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Nutrient Disorders

Posted: Tue Apr 09, 2013 10:58 pm
by chilliman64
Symptoms:

Nitrogen (N): Plants under low N stress are smaller than normal and have an overall light-green color, especially in the lower leaves. Fruits are small with thin walls. Excess nitrogen fertilizer can cause leaf and fruit burning, especially if applied as an ammonium formulation.
Phosphorus (P): Leaves on deficient plants are smaller than normal and dark-green. Older leaves are affected first and, in severe cases, may senesce.
Potassium (K): Symptoms of K deficiency begin on older leaves and progress to younger leaves. Foliage develops bronzing and/or burning of leaf margins and may develop chlorosis. Plants are smaller than normal and produce less fruit.
Calcium (Ca): Interveinal chlorosis and leaf margin necrosis occur at the growing points in Ca deficient plants. Later, growing points die. Leaves can be distorted. Fruit may develop blossom-end rot. Excess Ca can cause white spots below the surface of pepper fruit. Open-pollinated pepper may develop stip.
Magnesium (Mg): Magnesium deficient plants develop interveinal chlorosis on older leaves which later progresses to young leaves. Interveinal tissue may become necrotic.
Sulfur (S): Older leaves of S deficient plants turn light-green and spindly.
Boron (B): When B is deficient, older leaves turn yellow and brittle and the growing points become necrotic and die. Margins and leaf tips of mature leaves become necrotic. Fruit may also be affected and develop scattered corky areas and exposed ovaries.
Copper (Cu): Copper deficiency starts as a wilt of young leaves that later turn bluish-green and curl upwards. Severely affected plants are stunted and chlorotic.
Iron (Fe): Young leaves of Fe deficient plants develop interveinal chlorosis followed by a general yellowing. The leaf midrib usually remains green.
Manganese (Mn): Young leaves deficient in Mn develop interveinal chlorosis followed by speckling or necrosis. Midribs of affected leaves remain green.
Zinc (Zn): Leaves deficient in Zn thicken and curl downward. Petioles may twist and older leaves develop an orange-brown chlorosis.

Conditions for Symptom Development:
Nutrient deficiencies are most common in acid or alkaline soils due to immobilization of nutrients. Low temperatures, soil compaction or excessive soil moisture may also affect nutrient availability. Nutrient disorders may also be caused by excessive or unbalanced use of fertilizer. Plant diseases that affect plant roots can induce nutrient deficiency symptoms due to reduced nutrient uptake.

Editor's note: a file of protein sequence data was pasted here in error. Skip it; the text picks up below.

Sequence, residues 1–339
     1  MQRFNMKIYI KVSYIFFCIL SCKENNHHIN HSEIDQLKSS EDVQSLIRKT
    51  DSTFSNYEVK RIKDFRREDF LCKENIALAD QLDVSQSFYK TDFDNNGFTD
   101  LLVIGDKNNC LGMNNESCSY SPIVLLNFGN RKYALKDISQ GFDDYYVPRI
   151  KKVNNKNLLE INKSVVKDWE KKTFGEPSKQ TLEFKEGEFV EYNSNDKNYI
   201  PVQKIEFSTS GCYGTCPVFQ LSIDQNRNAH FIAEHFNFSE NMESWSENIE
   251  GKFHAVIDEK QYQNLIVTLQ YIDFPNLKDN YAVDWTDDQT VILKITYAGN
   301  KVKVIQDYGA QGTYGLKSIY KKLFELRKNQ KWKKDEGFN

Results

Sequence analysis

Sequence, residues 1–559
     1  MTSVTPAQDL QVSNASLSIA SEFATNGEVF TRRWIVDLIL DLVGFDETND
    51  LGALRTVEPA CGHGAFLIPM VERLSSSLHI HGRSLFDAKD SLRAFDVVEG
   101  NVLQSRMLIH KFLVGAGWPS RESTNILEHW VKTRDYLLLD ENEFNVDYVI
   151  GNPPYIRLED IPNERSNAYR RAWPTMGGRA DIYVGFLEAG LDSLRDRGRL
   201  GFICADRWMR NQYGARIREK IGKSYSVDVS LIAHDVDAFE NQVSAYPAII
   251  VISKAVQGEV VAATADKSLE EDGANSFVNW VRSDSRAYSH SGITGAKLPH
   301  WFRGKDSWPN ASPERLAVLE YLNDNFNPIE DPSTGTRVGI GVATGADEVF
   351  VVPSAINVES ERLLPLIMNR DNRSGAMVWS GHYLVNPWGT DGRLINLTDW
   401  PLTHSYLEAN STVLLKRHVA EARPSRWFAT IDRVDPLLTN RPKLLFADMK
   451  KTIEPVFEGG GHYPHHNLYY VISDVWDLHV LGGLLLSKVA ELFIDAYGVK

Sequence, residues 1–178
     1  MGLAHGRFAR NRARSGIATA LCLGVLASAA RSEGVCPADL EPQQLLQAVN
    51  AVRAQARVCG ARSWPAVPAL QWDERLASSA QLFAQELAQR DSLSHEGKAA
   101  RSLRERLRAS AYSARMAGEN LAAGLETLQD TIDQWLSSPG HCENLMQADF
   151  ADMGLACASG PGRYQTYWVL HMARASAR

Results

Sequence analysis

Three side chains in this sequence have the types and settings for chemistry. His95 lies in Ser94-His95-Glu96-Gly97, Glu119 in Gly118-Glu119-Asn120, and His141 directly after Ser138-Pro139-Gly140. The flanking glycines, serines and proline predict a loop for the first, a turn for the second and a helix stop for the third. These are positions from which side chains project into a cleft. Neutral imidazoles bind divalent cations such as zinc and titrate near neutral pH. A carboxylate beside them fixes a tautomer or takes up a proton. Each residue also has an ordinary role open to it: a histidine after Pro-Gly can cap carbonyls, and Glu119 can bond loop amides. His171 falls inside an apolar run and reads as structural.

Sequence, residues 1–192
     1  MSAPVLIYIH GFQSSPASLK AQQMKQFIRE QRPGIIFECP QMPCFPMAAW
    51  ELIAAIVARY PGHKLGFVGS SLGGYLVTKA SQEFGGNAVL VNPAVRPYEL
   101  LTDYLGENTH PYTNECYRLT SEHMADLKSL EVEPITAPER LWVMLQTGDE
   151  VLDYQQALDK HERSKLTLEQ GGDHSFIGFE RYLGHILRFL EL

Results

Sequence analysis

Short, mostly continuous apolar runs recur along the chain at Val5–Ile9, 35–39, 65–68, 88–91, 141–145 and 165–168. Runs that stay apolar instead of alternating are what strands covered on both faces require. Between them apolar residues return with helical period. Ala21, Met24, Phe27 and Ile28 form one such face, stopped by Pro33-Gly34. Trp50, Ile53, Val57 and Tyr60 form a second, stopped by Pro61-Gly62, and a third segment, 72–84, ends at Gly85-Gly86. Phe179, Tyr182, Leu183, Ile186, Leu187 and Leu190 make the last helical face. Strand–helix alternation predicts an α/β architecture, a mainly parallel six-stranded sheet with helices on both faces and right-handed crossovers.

Control:
Conduct soil and foliar nutrient analyses regularly to verify nutritional needs, design a balanced fertilizer program and correct nutrient imbalances. Alter soil pH with the addition of lime to acid soils or sulfur and acid- forming fertilizers to alkaline soils to increase nutrient availability.

Re: Nutrient Disorders

Posted: Tue Apr 09, 2013 11:17 pm
by TimEdwards
Image

Re: Nutrient Disorders

Posted: Tue Apr 09, 2013 11:19 pm
by TimEdwards
Also worth nothing that steps to rectify the problem can take 1-2 weeks before you notice them. Things happen slowly in plants :mrgreen:

Re: Nutrient Disorders

Posted: Fri Apr 12, 2013 6:32 pm
by Mojojojo
A Larger version of tims chart + a PDF from Uni of arizona i found handy

http://ag.arizona.edu/pubs/garden/az1106.pdf

mod edit: I removed the chart as it didn't all fit, feel free to edit yourself if you can get it to fit in the window.

Re: Nutrient Disorders

Posted: Sun Apr 14, 2013 1:25 pm
by horsebones
Wow, that FlairForm site is pretty cool. Here is the page where the flow chart diagram is from: http://www.flairform.com/hints/nutrient_deficiency.htm

Re: Nutrient Disorders

Posted: Fri Apr 26, 2013 10:42 am
by horsebones
Here is one that's even easier to understand.
Translation:

Lack of calcium: New leaves become curled and pale.

Lack of iron: The new leaves turn yellow (including the rib).

Lack of magnesium: Pale colour in the whole leaf, including the rib. In severe cases there is leaf drop.

Lack of potassium: Small holes in the leaves -- the leaves become thin.

Lack of nitrogen: Older leaves take on a pale green and yellow that starts its advance from the tip.

Lack of phosphorus: Leaves turn yellow with dead zones and its advancement leaf ends quickly. It's similar to Nitrogen deficiency.

Lack of sulfur: Little development which results in dwarfed and stunted plants. The leaves turn yellow. It can be confused with a lack of nitrogen.

Image

Re: Nutrient Disorders

Posted: Mon Jun 09, 2014 7:13 pm
by scion
It is one of the best subjects of this forum, thanks for all the useful links you provided to the forum.